The two sides of Jason Brickman’s game were on display at the Barclays Center as he helped LIU Brooklyn defeat St. Francis Brooklyn 83-75 Sunday.
In the first half Brickman’s picked apart the Terriers’ defense with seven assists as the Blackbirds raced out to an 11-point lead.
The the second half the junior point guard picked up some of the scoring load, tallying 11 key points as St. Francis concentrated on taking away his passing angles. He had just two assists and two turnovers in the final 20 minutes, but twice gave his team the lead on big shots.
“They just tried to take away the passes and tried to make me score so I was just trying to be aggressive and take whatever they gave me,” Brickman said about the second half.
Not every team has the personnel to stop Brickman as a passer, but those that do have had some success. Robert Morris let Brickman score 19 points, but held him to four assists in a tight win at the WRAC last Saturday. It’s experiences like the game against the Colonials that have taught Brickman to look for his offense if teams decide to defend the Blackbirds that way.
“More teams are starting to take away all the passes and trying to make me score more for myself and giving me lanes to the basket, so I’m just trying to be aggressive and take what the defense gives me,” Brickman said.
Against the Terriers though Brickman got some help. Jamal Olasewere scored 20 points, including a clutch runner with 28 seconds to go that pushed LIU’s advantage to five. C.J. Garner also helped out, with 17 points.
Olasewere’s runner came after the second of two intentional fouls that swung the momentum back-and-forth during the second half. SFC got back into the game in the second half thanks to a run-out by P.J. Santavenere that was compounded by Garner’s intentional foul. Santavenere scored seven points on a single possession (the layup, two free throws and an ensuing three), to get the Terriers back within four.
“It was a huge momentum swing for them and it made a game that we were in complete control of get a little hairy,” said LIU head coach Jack Perri about the foul. “But our guys did keep their composure. I was proud of their effort that way.”
The second big intentional foul came near the very end of the game when a frustrated Jalen Cannon grabbed the foot of E.J. Reed as the Blackbirds were just getting into transition. It was Cannon’s fifth foul and helped LIU push a one-point lead to five and essentially end the game.
Santavenere had the best game of his career for the Terriers. He scored a career-high 16 points on a perfect 6-6 from the field.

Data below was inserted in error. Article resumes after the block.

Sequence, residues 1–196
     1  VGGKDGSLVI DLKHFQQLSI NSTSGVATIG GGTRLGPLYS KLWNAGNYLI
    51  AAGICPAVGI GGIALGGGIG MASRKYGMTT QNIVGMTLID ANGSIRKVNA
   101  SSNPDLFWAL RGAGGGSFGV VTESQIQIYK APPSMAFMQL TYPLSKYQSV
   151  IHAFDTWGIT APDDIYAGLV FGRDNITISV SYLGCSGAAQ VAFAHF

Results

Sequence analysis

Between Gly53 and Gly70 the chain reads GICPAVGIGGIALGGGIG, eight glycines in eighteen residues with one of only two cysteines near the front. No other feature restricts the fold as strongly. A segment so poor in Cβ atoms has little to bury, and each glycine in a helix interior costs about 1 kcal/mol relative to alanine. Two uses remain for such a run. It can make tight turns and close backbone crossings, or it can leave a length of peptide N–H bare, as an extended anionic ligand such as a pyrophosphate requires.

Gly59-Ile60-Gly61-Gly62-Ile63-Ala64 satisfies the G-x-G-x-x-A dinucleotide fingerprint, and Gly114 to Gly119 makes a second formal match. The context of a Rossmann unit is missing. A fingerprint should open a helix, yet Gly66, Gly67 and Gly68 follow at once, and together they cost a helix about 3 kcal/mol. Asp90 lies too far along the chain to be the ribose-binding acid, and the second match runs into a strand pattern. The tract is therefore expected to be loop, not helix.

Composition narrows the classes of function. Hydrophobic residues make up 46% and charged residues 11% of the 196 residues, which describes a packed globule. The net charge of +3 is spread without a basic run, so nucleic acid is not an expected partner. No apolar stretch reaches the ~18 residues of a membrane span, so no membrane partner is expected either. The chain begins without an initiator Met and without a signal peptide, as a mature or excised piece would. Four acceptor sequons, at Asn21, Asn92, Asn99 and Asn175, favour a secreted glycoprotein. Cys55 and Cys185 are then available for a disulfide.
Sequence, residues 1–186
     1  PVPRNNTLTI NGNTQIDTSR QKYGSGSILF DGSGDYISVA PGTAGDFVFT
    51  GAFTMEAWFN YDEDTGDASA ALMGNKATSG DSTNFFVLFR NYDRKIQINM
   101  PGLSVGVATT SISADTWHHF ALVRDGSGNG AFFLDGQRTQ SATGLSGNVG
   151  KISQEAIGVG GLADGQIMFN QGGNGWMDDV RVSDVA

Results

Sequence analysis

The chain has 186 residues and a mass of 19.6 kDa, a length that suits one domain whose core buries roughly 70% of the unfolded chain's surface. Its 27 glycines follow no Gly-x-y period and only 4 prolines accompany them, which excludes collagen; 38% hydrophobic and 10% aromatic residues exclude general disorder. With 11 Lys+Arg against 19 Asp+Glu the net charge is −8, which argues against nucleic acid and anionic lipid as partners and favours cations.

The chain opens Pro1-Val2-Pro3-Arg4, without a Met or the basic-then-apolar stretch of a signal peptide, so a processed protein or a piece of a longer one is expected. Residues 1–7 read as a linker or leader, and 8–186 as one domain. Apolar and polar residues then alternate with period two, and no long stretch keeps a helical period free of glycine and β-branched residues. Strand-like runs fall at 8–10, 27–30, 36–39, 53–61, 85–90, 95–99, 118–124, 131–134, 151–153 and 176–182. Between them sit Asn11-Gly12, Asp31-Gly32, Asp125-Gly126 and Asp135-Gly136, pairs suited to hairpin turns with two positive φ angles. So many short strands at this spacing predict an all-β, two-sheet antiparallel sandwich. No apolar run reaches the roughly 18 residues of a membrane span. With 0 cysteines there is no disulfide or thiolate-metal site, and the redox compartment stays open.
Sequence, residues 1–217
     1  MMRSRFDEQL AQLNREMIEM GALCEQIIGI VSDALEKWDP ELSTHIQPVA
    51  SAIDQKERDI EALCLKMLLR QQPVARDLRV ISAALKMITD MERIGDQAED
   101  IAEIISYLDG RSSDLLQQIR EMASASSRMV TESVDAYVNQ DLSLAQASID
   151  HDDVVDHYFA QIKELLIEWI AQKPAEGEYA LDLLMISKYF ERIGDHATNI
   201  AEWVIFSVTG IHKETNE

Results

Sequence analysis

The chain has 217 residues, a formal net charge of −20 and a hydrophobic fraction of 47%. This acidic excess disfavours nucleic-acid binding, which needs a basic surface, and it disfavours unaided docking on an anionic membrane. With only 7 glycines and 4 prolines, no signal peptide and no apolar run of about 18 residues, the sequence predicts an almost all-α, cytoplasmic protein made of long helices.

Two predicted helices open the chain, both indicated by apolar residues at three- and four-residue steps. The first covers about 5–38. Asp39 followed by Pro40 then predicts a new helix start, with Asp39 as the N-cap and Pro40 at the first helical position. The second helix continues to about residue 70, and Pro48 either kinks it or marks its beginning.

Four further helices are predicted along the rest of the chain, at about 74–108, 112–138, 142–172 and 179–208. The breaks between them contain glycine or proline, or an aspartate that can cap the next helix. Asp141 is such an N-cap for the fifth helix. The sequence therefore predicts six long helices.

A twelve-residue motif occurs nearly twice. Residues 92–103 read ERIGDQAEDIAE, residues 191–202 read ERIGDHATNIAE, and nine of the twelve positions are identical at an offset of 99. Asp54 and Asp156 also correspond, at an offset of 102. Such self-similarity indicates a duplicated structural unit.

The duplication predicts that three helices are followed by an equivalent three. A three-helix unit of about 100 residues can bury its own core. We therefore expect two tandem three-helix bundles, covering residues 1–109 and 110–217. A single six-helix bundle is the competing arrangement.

“I was upset that a couple guys didn’t jump on balls the way they’re supposed to,” said St. Francis head coach Glenn Braica. “P.J. came in and was aggressive defensively and offensively and did a very good job.”
It was another foul that wasn’t called that had Terriers fans upset after the game. During a critical moment it appeared as if Santavenere had been obstructing from getting to another fast-break opportunity, but the officials didn’t blow the whistle. LIU managed to hang on and make the big plays down the stretch for the win.
While Cannon struggled inside, going 4-11 for eight points, Akeem Johnson had another big game at Barclays. He scored 22 points on 8-11 shooting. Johnson’s 13 points in the first half kept SFC in the game as the rest of the team shot 7-17 in the first half.
LIU is now 13-11 and 8-4 in the NEC. The Blackbirds are fighting for home games in the conference tournament. LIU is also 2-2 at Barclays this season. The two wins have come in their last two games. Down the stretch there was a real atmosphere to the game.
“With five minutes left, as hairy as it got, the crowd really got into it,” Olasewere said. “I heard our side. I heard their side’s fans. I couldn’t tell which one it was.”
St. Francis is 5-7 in NEC play now and fighting to just make the tournament. The loss leaves the Terriers at 5-7 and tied with Mount St. Mary’s for the eighth and final playoff spot.
SFC heads to the New Jersey schools this weekend, but a Feb. 23 trip to Maryland to take on the Mount looms large on the schedule.
“I’ve got tough guys. They’ll bounce back. They’ve bounced back all year,” Braica said. “It is tough. You need some payback once in a while, but my guys don’t quit. They’ll bounce back. We’ll be fine.”